Tap into seasonal anticipation with this multidisciplinary topic
It’s the most wonderful time of the year, teachers! Regardless of where you teach, your students are likely pretty keyed up right now. It’s 3 weeks days before Christmas, but I’m sure I didn’t need to tell you that. It’s likely you already have something special planned for Christmas this year, but I’d like to suggest you also help your students learn about the ways that Christmas is celebrated around the world. I, for sure, wasn’t even aware that Christmas was celebrated in different ways until I was studying abroad in college.
First, to get just a brief overview of Christmas traditions in other countries, I’d suggest reading this quick article in Country Living from earlier this year (September) which includes brief blurbs on Christmas traditions in many other countries. This article can help you as a teacher select which countries you’d like to focus on. My suggestion would be to take a look at your December school calendar. I would suggest one country per day, one country every two days, or perhaps one country per day on set days (maybe three or four days per week). Whatever works for you; this should feel fun and exciting, not just another thing to add to your December to-do list.
With students, I’d suggest you check your school library for Christmas Around the World by Mary D. Lankford. This picture book describes Christmas traditions in 12 countries. It’s a good book to begin your Christmas Around the World unit. Obviously, you can either choose to feature the 12 countries contained in the book, or just some of them, again depending on your schedule.
Once you’ve committed to your schedule and selected your countries, it’s time to round up some resources. Obviously, YouTube has a variety of clips available on Christmas in other countries. A quick search on my current country of residence pulls up a couple dozen quick clips, mainly about Christmas markets in different cities scattered around the country. (As a side note, a personal vote for including Germany in your Christmas Around the World unit. It really has such lovely traditions.) I’d obviously heavily suggest that you vet any YouTube videos (or really any digital clips) before showing them to your class. This Rick Steves clip gives a pretty good overview of Christmas in Germany, although it does tend to focus a bit on community traditions more than family traditions:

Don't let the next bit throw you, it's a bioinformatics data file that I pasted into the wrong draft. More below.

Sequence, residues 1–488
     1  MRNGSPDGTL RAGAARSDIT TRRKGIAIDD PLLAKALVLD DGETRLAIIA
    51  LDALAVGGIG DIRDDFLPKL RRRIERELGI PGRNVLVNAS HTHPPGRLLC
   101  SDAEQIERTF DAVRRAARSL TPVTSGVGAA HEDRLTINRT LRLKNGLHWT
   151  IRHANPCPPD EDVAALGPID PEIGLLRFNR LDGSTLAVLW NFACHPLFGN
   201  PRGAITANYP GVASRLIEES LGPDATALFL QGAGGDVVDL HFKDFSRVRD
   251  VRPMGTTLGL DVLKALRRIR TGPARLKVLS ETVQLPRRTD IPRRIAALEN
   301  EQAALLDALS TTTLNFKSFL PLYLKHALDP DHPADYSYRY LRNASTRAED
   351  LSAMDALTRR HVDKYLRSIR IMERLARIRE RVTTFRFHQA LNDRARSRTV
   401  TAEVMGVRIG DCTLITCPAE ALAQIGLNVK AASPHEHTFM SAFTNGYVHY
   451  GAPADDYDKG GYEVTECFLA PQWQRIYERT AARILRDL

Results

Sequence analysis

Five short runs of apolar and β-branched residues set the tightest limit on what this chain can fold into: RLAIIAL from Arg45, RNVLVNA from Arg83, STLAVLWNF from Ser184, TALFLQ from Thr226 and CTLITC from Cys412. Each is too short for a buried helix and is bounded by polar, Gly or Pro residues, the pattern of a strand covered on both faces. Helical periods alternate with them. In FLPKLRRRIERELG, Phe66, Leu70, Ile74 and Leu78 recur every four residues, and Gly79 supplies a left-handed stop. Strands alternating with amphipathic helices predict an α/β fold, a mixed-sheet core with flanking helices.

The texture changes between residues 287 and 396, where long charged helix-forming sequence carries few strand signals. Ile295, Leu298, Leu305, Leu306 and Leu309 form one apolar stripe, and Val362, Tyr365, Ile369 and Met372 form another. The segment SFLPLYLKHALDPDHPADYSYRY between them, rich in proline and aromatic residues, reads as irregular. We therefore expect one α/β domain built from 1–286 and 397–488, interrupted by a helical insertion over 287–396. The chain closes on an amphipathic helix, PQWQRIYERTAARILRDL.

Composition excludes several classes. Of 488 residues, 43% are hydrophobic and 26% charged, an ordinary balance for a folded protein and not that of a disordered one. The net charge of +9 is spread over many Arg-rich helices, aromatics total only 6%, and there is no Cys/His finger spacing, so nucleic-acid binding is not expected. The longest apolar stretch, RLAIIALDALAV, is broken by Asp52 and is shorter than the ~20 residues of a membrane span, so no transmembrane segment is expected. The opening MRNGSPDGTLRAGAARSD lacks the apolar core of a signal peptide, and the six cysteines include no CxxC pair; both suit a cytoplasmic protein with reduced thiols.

A larger search for Rick Steves Christmas brings up clips between 5 and 10 minutes in length.
You can find pre-made materials for your unit, you can make what you need, or you can go without any printables or activities. I’d encourage a notebook for students to track new or interesting facts as well as any specific assignments or responses you give them during then end.
Christmas Around the World units can be a fun and exciting way to learn about traditions in other countries. Students can share their favorite holiday traditions, while also learning about how children and families in other countries observe Christmas as well.
Rachel Wilser has spent the better part of a decade in classrooms around the country — in private, public, charter, elementary, and middle schools. Now, she chases twins and drinks coffee while planning her return to the classroom.